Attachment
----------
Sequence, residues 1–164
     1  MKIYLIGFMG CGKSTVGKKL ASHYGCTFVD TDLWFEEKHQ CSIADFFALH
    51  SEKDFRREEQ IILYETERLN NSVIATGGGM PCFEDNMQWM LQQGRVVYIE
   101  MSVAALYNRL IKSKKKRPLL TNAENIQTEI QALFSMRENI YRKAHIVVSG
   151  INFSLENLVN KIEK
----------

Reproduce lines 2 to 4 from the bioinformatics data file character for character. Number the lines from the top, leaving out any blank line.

     1  MKIYLIGFMG CGKSTVGKKL ASHYGCTFVD TDLWFEEKHQ CSIADFFALH
    51  SEKDFRREEQ IILYETERLN NSVIATGGGM PCFEDNMQWM LQQGRVVYIE
   101  MSVAALYNRL IKSKKKRPLL TNAENIQTEI QALFSMRENI YRKAHIVVSG